Drivers’ U-turns at closed road lead to smashed sewer line, messed-up yard
INDIANAPOLIS (WISH) — Hundreds of drivers are ignoring “road closed” signs on South Emerson Avenue just north of Raymond Street, one homeowner says.
Every single car and truck is forced to turn around. A few, including a semitractor-trailer, have gotten stuck and caused in thousands of dollars in damage.
Alan Vorhies and he has reached his limit. “Oh, we have all sorts of plumbing problems, and this old man likes to push-mow this yard, and it’s kind of of hard to do with all the truck ruts.”
He added, “There have been two semis. We have pictures of in our yard.”
One photo showed the latest truck drivers’ attempt to make a U-turn.
Vorhies’ wife came home to find the semi stuck in his yard. He says the driver almost took out the mailbox and left tire marks in the yard.
He said his wife said that “they just kept rockin’ it and destroying the yard until they got loose.”
Vorhies said once the driver freed his truck from the yard and left the trash can that he’d ran over. The driver offered the one-finger salute to the neighborhood.
The damage to the Vorheises’ yard is obvious. What you can’t see is the expensive part: The sewer line to his house runs under the driveway, and, Vorhies believes, the weight from the trucks collapsed the line.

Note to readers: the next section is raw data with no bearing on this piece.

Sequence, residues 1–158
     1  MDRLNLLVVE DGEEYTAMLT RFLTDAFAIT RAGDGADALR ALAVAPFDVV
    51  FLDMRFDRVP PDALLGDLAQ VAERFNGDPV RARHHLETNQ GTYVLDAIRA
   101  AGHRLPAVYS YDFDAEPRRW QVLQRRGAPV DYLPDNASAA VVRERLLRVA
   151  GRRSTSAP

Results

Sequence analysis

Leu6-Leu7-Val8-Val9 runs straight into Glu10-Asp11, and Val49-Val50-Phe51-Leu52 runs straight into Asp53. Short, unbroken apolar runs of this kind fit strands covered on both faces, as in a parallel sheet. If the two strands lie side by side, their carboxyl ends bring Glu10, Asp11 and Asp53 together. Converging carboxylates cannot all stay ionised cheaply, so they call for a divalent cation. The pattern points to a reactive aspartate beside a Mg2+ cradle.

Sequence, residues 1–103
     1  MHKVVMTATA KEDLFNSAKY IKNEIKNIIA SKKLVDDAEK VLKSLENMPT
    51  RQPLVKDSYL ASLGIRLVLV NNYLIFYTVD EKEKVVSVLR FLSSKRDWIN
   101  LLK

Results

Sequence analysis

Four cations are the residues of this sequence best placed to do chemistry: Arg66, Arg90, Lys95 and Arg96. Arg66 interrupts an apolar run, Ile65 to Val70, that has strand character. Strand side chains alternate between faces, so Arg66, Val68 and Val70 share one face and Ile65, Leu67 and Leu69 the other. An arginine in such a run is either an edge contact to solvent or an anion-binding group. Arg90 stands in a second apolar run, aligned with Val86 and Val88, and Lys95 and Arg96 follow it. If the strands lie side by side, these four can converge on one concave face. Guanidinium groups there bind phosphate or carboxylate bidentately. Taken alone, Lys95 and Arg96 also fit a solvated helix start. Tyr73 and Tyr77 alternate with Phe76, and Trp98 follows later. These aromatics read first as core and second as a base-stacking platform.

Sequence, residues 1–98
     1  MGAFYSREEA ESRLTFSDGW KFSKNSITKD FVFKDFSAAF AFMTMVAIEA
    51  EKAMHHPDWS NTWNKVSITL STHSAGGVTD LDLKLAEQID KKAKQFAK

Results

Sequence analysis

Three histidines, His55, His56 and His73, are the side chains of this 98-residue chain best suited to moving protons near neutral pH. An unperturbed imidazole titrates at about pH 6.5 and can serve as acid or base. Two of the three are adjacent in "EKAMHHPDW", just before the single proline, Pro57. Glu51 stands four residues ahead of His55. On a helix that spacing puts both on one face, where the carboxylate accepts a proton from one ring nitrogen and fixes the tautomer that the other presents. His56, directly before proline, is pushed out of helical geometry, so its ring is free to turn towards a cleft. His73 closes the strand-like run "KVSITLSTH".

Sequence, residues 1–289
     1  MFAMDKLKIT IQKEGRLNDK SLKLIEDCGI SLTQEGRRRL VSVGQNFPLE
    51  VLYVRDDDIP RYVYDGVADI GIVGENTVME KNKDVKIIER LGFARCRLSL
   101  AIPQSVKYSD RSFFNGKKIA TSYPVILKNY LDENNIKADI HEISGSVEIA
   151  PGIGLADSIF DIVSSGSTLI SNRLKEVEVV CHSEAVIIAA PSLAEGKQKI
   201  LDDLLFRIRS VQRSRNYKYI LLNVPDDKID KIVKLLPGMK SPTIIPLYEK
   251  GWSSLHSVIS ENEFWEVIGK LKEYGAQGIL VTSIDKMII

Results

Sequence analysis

“The plumbing, the estimate I have had, is $20,000 for the repair, for it to be dug up and fixed correctly,” Vorhies said.
He says his homeowner’s insurance will not cover the damage, and the city says it has posted plenty of “road closed” signs and the detour is well-marked. The city says it is not responsible for the damage.
While News 8 was talking with Vorhies, almost a dozen drivers ignored the signs and were forced to make a U-turn in front of his house.
The Indianapolis Department of Public Works closed the road for a bridge repair project. A project supervisor came to talk to Vorhies while News 8 was there. The supervisor says he is not authorized to talk on camera. He works for a private contractor.
The supervisor told Vorhies they would fix the potholes along the shoulder in front of his house and make sure Public Works’ signs were in the right place.
“Anything at all I would appreciate,” Vorhies told the supervisor.
There is little more the contractor can provide. The damage was done by drivers who ignored the signs. The bottom line Vorhies is stuck with a $20,000 repair bill and an endless string of traffic in his driveway.